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Partisans and Redcoats: The Southern Conflict That Turned the Tide of the American Revolution

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  • Anonymous

    Posted December 29, 2006

    an important contribution to Revolutionary War history

    I would take issue with some of the reviews of Edgar's book that have been posted here. While he writes from the perspective of the partisan or anti-British party in the Carolinas, Edgar does not whitewash the rebels. He makes it clear that they were just as savage as their opponents. An example is Edgar's account of the British surrender of Thicketty Fort, whose commander deemed discretion to be preferable to valor after considering what would (not might) happen to him and his men if the fort was successfully stormed. And when Edgar comments that 'it can be argued that it was the conduct of the British army of occupation that caused the savagery to descend to lower levels' (p. 123), he offers that observation as an explanation, not as an excuse. More important is Edgar's basic point: if Cornwallis and his commanders had not needlessly antagonized the anti-Tory faction in the Carolina piedmont, the members of that faction might well have acquiesced to formal British control of the Carolinas after the fall of Charleston, with obvious implications for not just American but also world history. It was the decision to impose actual control over a fractious and violent population of Carolina backwoodsmen prior to defeat of the American armies in the field and the destruction of the revolutionary government that, according to Edgar, doomed the British effort to subjugate its rebel colonies. As a final point, Partisans and Redcoats has significance beyond local history. Cornwallis' army successfully captured the capital of South Carolina, put the rebel government in that colony out of business, and achieved formal control of the territory in a brief, three months campaign in early 1780. Then, by failing to understand the motives and interests of the members of a violent and divided society, the British were sucked into a partisan war that they could not win. The parallels between South Carolina during the American Revolution and Iraq today are way too close for comfort.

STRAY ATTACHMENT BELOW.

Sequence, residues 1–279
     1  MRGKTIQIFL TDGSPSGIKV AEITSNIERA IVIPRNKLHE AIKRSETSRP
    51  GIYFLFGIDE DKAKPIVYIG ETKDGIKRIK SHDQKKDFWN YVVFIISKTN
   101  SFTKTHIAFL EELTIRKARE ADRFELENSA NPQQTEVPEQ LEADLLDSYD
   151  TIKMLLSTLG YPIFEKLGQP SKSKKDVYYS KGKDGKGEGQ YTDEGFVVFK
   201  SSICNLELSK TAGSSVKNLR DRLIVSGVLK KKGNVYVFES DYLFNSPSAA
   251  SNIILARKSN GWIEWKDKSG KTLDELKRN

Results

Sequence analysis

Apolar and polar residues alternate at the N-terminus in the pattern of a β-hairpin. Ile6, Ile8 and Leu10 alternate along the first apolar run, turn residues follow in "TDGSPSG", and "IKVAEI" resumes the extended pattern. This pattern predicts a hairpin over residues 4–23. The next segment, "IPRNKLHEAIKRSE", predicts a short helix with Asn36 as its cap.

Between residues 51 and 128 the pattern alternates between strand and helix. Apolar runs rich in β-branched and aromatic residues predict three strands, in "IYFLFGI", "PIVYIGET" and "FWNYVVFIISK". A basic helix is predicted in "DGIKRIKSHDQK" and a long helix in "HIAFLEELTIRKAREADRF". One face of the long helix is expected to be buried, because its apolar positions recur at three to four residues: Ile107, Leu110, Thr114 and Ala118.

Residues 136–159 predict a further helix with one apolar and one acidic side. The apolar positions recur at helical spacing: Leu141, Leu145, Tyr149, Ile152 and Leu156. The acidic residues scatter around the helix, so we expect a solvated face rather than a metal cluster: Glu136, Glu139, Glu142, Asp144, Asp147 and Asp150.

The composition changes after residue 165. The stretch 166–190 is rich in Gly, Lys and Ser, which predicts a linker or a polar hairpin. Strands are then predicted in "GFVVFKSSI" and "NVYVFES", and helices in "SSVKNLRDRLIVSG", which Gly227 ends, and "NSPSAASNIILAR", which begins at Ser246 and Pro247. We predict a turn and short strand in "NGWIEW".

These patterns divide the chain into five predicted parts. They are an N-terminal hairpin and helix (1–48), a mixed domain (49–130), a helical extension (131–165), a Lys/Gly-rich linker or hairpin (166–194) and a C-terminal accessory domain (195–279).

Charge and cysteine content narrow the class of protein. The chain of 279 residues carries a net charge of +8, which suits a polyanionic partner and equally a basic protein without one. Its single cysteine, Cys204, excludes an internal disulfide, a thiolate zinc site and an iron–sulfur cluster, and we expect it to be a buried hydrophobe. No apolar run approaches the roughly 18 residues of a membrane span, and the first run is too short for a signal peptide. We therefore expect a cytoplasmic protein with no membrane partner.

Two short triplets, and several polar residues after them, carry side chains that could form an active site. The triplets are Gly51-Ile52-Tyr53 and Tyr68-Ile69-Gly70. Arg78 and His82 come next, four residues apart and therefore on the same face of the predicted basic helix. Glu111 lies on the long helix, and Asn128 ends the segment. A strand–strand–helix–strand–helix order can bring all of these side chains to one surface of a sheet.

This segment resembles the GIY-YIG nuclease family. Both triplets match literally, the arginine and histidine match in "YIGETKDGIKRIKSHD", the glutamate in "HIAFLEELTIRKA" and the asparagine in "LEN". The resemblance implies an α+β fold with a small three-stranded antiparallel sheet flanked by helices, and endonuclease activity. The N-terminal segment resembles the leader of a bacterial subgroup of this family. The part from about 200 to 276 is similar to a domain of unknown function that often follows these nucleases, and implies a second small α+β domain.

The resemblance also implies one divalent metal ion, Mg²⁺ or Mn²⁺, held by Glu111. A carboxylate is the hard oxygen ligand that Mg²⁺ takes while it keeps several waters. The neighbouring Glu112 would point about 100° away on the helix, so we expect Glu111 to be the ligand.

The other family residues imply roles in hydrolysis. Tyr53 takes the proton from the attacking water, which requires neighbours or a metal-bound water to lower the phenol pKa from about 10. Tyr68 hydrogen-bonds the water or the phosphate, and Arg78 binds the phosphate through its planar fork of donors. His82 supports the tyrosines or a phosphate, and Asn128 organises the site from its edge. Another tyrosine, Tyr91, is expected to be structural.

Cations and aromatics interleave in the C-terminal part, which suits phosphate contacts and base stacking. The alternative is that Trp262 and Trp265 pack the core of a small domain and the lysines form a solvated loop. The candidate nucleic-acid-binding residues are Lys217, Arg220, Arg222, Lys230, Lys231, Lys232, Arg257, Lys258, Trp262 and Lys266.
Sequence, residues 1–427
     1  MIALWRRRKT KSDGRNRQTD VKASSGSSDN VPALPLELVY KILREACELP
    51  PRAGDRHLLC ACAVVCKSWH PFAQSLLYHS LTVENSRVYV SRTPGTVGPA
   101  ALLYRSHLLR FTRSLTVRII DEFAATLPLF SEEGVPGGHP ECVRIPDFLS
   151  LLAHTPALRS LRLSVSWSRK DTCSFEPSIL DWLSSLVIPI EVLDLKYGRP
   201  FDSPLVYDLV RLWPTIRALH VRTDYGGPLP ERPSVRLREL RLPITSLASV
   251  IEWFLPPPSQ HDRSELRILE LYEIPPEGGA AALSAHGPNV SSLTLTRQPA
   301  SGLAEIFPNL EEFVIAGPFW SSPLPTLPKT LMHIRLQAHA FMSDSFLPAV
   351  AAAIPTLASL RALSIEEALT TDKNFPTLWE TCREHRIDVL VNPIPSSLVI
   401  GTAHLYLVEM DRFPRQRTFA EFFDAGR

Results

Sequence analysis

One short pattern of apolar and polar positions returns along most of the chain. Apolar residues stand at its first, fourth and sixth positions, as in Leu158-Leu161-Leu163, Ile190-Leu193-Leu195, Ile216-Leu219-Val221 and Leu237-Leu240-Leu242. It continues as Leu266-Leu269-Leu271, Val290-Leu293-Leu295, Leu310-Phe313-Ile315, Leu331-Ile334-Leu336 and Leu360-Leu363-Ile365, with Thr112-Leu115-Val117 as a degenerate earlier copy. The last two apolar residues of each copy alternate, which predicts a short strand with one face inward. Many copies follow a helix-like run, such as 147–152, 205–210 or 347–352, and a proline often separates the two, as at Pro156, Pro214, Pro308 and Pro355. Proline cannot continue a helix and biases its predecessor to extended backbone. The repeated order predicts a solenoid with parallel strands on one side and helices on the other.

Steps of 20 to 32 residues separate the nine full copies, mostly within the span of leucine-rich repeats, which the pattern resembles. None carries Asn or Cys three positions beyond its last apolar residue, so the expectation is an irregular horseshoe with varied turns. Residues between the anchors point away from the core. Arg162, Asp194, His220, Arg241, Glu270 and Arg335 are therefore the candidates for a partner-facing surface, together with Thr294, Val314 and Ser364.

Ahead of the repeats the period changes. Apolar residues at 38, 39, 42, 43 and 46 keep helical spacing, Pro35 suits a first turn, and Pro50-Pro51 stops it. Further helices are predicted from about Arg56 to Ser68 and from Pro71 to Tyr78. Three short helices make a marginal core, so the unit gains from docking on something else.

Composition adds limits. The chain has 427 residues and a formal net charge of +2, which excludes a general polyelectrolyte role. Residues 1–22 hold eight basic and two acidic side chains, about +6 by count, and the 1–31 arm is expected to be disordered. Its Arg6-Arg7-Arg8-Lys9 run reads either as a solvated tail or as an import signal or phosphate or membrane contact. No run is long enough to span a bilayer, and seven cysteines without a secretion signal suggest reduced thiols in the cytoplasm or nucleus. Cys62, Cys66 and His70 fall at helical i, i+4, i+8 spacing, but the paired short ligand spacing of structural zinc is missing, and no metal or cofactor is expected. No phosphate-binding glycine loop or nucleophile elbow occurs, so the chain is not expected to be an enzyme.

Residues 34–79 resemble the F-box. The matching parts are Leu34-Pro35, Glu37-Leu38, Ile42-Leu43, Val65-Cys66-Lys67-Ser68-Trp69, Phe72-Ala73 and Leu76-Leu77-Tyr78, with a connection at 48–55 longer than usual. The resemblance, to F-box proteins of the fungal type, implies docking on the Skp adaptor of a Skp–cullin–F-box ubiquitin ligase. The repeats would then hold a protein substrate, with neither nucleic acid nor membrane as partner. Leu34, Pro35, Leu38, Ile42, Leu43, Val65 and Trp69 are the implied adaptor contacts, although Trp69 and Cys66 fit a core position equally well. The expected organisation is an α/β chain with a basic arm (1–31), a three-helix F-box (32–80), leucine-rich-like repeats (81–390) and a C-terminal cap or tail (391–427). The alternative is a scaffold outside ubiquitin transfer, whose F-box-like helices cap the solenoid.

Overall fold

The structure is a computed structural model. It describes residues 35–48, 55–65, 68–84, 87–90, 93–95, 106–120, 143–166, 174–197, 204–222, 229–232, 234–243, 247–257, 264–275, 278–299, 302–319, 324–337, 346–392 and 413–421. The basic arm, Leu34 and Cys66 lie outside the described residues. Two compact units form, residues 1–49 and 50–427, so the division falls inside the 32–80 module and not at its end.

1 out of 1 people found this review helpful.

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  • Anonymous

    Posted January 16, 2002

    Loyalist Devils and Patriot Saints

    A lively but heavily biased account of partisan warfare in 1780 South Carolina. Professor Walter Edgar,in his introduction, paints the actions of Lord Cornwallis and his subordinate commanders, Lt Col Banastre Tarleton of the British Legion and Major James Wemyss of the British 63rd Regiment, that had they been committed in the 1990's, would very likely have caused them to be hauled before the International Court at the Hague as war criminals. He states that the british and their loyalist allies committed numerous atrocities. They took civilians as hostages; they wantonly and unlawfully destroyed and appropriated property not justified by military necessity: they deprived prisoners of war and civilian of the right of fair trials: they compelled prisoners of war and civilians to serve in the forces of a hostile power; they unlawfully confined civilians; they destroyed and willfully damaged institutions dedicated to religion; they plundered public and private property. Against a civilian population, they committed torture, imprisonment, murder and other inhumane acts. He considers the cruel acts of the patriots in return as simple frontier justice, not cruelty. Edgar uncritically quotes from patriot sources to support his pro-patriot position. British and Loyalist version of events are generally either ignored or treated as self serving or hypocritical. For those who want a more balanced version of events in 1780 South Carolina, I would recommend 'The Road to Guilford Courthouse' by John Buchanan, a far superior book.

    1 out of 1 people found this review helpful.

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  • Anonymous

    Posted February 15, 2002

    a very interesting book

    An account of the Revolutionary war in the South, it is a part of the war that is not often spoken of. It is a very different account of the Revolution, one which talks about the dirty little secret of partisan warfare in the South. A good read

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